Point to Point Mikrotik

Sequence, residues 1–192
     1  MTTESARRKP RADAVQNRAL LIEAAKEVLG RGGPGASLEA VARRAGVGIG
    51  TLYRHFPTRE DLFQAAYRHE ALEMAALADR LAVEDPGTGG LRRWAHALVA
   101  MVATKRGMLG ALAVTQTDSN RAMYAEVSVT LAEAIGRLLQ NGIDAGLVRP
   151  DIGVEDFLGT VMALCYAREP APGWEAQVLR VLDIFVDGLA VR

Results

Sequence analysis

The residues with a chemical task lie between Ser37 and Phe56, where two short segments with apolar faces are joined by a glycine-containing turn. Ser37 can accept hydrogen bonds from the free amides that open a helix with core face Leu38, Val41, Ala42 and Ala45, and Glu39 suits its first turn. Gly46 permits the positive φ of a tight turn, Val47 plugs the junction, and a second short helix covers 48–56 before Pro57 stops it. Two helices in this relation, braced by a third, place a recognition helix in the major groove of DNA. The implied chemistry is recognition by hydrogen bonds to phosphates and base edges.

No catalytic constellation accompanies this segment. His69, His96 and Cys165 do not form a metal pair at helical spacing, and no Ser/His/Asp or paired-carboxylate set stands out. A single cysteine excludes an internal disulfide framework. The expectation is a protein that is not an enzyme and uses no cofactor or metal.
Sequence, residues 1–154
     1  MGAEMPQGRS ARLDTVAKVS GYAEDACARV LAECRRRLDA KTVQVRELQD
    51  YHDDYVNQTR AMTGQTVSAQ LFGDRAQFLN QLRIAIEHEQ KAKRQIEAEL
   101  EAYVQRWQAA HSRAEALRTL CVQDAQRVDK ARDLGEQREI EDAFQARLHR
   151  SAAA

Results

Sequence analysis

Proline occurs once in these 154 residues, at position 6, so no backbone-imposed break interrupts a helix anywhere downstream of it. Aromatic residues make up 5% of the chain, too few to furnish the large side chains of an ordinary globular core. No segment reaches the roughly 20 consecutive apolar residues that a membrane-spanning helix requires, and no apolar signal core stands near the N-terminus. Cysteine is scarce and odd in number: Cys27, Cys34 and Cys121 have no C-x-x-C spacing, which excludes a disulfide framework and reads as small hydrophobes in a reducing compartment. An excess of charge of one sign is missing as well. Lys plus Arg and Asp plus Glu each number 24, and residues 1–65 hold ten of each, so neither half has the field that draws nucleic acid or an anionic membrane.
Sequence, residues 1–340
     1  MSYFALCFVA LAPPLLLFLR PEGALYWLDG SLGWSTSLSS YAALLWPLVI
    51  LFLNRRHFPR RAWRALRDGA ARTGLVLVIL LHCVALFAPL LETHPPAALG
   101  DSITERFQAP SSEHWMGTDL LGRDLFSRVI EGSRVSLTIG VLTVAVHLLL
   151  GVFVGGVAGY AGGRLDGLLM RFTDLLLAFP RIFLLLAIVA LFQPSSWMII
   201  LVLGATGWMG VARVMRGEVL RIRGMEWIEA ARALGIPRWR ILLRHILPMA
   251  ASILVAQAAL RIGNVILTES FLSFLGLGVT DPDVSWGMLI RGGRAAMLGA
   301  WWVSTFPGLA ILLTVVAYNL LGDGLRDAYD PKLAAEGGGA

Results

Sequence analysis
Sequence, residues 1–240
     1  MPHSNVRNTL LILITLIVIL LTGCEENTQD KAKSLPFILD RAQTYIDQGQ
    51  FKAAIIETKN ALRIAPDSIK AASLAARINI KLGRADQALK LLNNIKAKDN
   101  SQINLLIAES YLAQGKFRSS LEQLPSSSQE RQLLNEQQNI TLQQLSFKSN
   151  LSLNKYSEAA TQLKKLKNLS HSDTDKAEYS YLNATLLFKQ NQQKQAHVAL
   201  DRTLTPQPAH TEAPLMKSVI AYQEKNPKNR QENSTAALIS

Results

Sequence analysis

Routed or bridged, there are few back haul radios available that can match the Mikrotik RouterOS software for features, tools, flexibility and cost.  With features and flexibility comes complexity and confusion.  I wanted to help dispel some of that confusion with this article.  You may have lots of choices to make, but most of these choices are relatively simple decisions.  And so, brave reader, proceed... When building a back haul, there are several questions that you must answer before you even order your gear.  The first, and perhaps the most important of these,  is "How much bandwidth do I want/need this back haul to carry?"  The answer to this question will, almost by itself, determine the gear you will be ordering.  One question I get fairly often is "How much traffic can the XXX routerboard pass?"  Well, that is not an easy question to answer in real world terms.  This is especially true with unlicensed wireless being part of the equation.  If you're interested in just the raw numbers, here is Mikrotik's comparison test results.  If you will be needing more than 100M, you will be pretty limited on choices (at least if you're sticking to just the RouterBoard line).  Mikrotik's RB600A and soon to be available RB800 are the only 2 outdoor Routerboards with Gig ports available. A second question that needs to be answered revolves around the question of the wireless protocol to be used.  Mikrotik, with version 4.x, has added support for 802.11n.  My experience so far is that this is still pretty experimental and is not, yet, very stable.  Some have gotten good results, but most users have reported various levels of frustration with this protocol in Mikrotik.  What IS very stable is Mikrotik's NStreme protocol running with RouterOS v3.30.  You may even consider running a pair of NStreme links with OSPF as a failover solution (see my article HERE for how to accomplish this).  The alternative to the OSPF solution is NStreme Dual (article HERE), which is a true full duplex wireless solution.  If you don't need full duplex, then I HIGHLY recommend a plain vanilla NStreme link. Another question that you must answer is about the actual gear.  This includes antenna selection, radio selection and host routerboard.  Part of this has already been covered in the previous paragraphs.  That, of course, is the host routerboard.  The actual radio and antenna selection is dependant upon several variables that are beyond the scope of this article.  Just ensure that you have selected a combination of radio and antenna that will provide appropriate RF energy at both ends of the link to provide for a stable wireless link.  The word "appropriate" in the preceding sentence does NOT mean "highest output possible".  I will, perhaps, pontificate in another article on the evils of excessive signal, but for the moment, I'll just say that "enough is plenty" when it comes to RF energy. Finally, you must determine if this backhaul will be participating in the routing portion of your network, or if it will be just a simple bridge.  If you will be routing, the OSPF article mentioned earlier will provide you with a good configuration for a dual radio configuration.  You can adapt that configuration quite easily for a single radio, so I won't cover that in this article.  If you need full duplex and you will be bridging the link, then I'd recommend the NStreme Dual article.  The reason for this is the simple fact that the OSPF method works quite well, but is painful to bridge, though it can be done.  The NStreme Dual method is QUITE easy to bridge.  Once the link is configured according to the article mentioned above, just add the following configuration to build a bridged link from ether1 on side A to ether1 on side B. /interface bridge add name=wirelessbridge /interface bridge port add bridge=wirelessbridge interface=ether1 add bridge=wirelessbridge interface=nstreme1 Pretty simple, huh?  This assumes that nstreme1 is the name you gave to the nstreme dual interface.  You can add management IP addresses to the bridge interface if needed, but this IP is not needed in order for the link to function. To build a point to point bridge with nstreme and a single wireless link, you would use the following code: /interface bridge add name=wirelessbridge /interface bridge port add bridge=wirelessbridge interface=ether1 add bridge=wirelessbridge interface=wlan1 /interface wireless nstreme set wlan1 enable-nstreme=yes /interface wireless set wlan1 disabled=no mode=bridge \ ssid=MikroTik wds-mode=dynamic \ wds-default-bridge=wirelessbridge \ band=5ghz frequency=5725 I have highlighted 3 parameters that need your attention before pasting this into your router.  The first "mode=bridge" will be assigned on one end of the link only, while the other end of the link will have "mode=station-wds".  The other parameters are highlighted so that you take notice of them.  Be sure you set the appropriate band and channel when you configure your radios.  With the above configuration, you will have a 100% working link (assuming you did your homework right when designing the RF portion of the link).  Again, you can (and should) add a management IP address to the bridge interface. As you can see, building a backhaul with Mikrotik is not only easy, but it is extremely flexible in terms of options.  If you have a specific need or question that I have not addressed above, feel free to send me an email (butche@butchevans.com) with your questions or leave a comment.  If your question is extremely specific, then an email is best.  Please don't use the comment section as a support channel.  Thank you. Finally, let me just say that I have recently opened my web store.  You can find all the hardware you need for a Mikrotik backhaul or any other need your WISP may have at http://store.wispgear.net/.  If you have a hardware need that isn't listed, then send email or call.  If you need help designing a link or figuring out other network engineering related tasks, that's why I am here.  Thanks as always for reading and please DIGG this article if you found it useful.